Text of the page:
Now that the gin craze has been put to bed, what next? How did London drinking culture change afterwards? What was next in store for gin as we know it?
To read up on our last instalment of the Gin Craze click here!
By 1761 the price of gin had shot up and consumption was down to less than 20% of where it had been a decade before. The lower classes, now put off by the cost of their once beloved gin, reverted to beer and porter as their beverage of choice while the upper echelons continued to imbibe imported products.
The only way for gin to win back favour was to become a superior offering. Thankfully, the industrial revolution beckoned bringing with it, distillation equipment which was gin’s solution to quality control. Several reputable families had also begun to establish themselves as brands. Names such as Gordons, Plymouth, Langdale’ s, Booth’s and Boord were now raising the respectable nature of gin with attractive packaging and delectable liquid.
At the beginning of the 19th century, alcohol production had been rife with illegal distilling and smuggling, no thanks to the impossibly difficult legislations in place. In an attempt to restore order, the government introduced an act in 1825 which reduced the cost of a distilling licence and cut duties by 40%. Unfortunately for the brewers, beer production costs had now increased which was reflected in the price, making gin more popular drink, once again. It was now cheaper to drink a pint of gin that a pint of beer!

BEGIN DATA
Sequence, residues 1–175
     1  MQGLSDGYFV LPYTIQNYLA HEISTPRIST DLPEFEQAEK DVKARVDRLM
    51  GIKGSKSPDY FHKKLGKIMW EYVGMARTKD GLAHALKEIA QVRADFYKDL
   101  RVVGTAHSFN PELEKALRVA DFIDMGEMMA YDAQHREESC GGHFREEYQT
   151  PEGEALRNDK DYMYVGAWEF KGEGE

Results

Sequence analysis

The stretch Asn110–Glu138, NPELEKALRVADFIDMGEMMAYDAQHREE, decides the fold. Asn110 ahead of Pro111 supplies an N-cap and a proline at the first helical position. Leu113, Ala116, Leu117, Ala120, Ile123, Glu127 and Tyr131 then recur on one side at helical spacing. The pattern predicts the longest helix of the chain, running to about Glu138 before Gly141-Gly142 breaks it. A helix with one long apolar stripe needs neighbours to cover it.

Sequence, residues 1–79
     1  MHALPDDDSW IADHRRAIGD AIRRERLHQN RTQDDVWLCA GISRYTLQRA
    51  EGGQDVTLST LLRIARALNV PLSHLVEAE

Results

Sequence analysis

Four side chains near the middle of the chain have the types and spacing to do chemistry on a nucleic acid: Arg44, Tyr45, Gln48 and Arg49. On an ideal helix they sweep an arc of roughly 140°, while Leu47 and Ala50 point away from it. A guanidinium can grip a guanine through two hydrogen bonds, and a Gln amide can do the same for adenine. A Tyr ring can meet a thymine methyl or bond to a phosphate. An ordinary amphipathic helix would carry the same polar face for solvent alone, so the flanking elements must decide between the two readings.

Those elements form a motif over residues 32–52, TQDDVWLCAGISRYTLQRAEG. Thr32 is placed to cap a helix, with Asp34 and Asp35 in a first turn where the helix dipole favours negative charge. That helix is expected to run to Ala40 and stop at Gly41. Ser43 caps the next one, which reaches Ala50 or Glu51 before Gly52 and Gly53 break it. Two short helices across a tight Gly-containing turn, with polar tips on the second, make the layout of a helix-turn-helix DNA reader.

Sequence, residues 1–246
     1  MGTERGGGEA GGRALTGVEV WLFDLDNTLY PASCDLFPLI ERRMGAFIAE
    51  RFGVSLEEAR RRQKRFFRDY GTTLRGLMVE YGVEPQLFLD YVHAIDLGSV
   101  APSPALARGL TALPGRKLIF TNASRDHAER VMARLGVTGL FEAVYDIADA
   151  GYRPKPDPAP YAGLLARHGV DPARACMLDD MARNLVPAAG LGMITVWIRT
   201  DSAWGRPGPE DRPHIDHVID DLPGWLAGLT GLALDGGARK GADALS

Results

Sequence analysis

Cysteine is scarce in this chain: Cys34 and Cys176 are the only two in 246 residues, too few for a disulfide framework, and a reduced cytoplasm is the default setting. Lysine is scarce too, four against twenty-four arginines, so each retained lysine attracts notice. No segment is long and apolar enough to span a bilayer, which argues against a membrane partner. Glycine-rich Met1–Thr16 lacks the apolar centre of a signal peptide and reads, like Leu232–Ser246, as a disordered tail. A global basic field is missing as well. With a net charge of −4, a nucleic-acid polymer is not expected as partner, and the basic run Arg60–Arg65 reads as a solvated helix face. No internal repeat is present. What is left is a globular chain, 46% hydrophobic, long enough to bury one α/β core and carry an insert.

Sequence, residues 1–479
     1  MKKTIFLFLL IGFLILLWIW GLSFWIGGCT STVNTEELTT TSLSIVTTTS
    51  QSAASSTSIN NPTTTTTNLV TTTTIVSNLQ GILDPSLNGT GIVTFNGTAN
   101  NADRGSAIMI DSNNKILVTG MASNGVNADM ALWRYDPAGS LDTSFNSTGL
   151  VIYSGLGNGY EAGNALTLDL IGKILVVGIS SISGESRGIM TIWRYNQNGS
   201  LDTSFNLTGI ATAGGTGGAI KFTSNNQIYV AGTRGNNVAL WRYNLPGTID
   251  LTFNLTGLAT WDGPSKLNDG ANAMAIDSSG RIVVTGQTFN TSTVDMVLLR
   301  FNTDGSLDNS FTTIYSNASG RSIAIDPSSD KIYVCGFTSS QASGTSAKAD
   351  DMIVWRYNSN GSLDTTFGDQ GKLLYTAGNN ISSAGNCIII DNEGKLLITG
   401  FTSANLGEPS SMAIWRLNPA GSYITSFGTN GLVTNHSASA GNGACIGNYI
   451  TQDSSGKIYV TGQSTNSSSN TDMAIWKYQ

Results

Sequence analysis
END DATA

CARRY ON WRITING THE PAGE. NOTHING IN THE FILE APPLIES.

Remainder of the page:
Many of the taverns were bought up by opportunistic distillers, decking them out as ‘Gin Palaces’ with ornate glass murals, bespoke gas lamps and sleek polished bar tops. This was purely designed to get the drinkers in because once inside, the reality was quite different! There was no seating, gin was stored in enormous wooden vats and dished out in abundance to man, woman or child. ‘Drunk for a penny, dead drunk for two and straw for nothing’ was a phrase attributed to the fact that you could pass out on the floor if you need to!
The government, fearing a repeat of history, quickly reduced the tax on beer in 1830. Promoting beer as the drinker’s choice could prevent another gin craze. Taverns continued to use the Gin Palace style as design inspiration and this model has continued to shape the pubs we frequent today.
KING OF SOHO
With so much talk of London drinking, this week’s gin fits in nicely.
Created by Thames Distillery with 12 botanicals, King of Soho is owned by Howard Raymond. Howard’s father, Paul, was instrumental in the regeneration of the Soho area era in the 70s and the liquid is a celebration of his legacy. The design is in keeping with the vibrancy and artistic nature of the area and perhaps upstages the liquid a touch! The gin itself is quite traditional in style and serves up a relatively citrus-forward London Dry palate.
We’re using this in an Aviation cocktail. First published in 1916 by Hugo R. Ensslin’s Recipes for Mixed Drinks, this is a gin sour that depending on the recipe, includes both maraschino and violet liqueur. In some recipes such as the Savoy Cocktail Book, the violet is omitted. At Blind Tyger, the violet is essential as it gives the cocktail that moody sky hue and links to its aviation theme.
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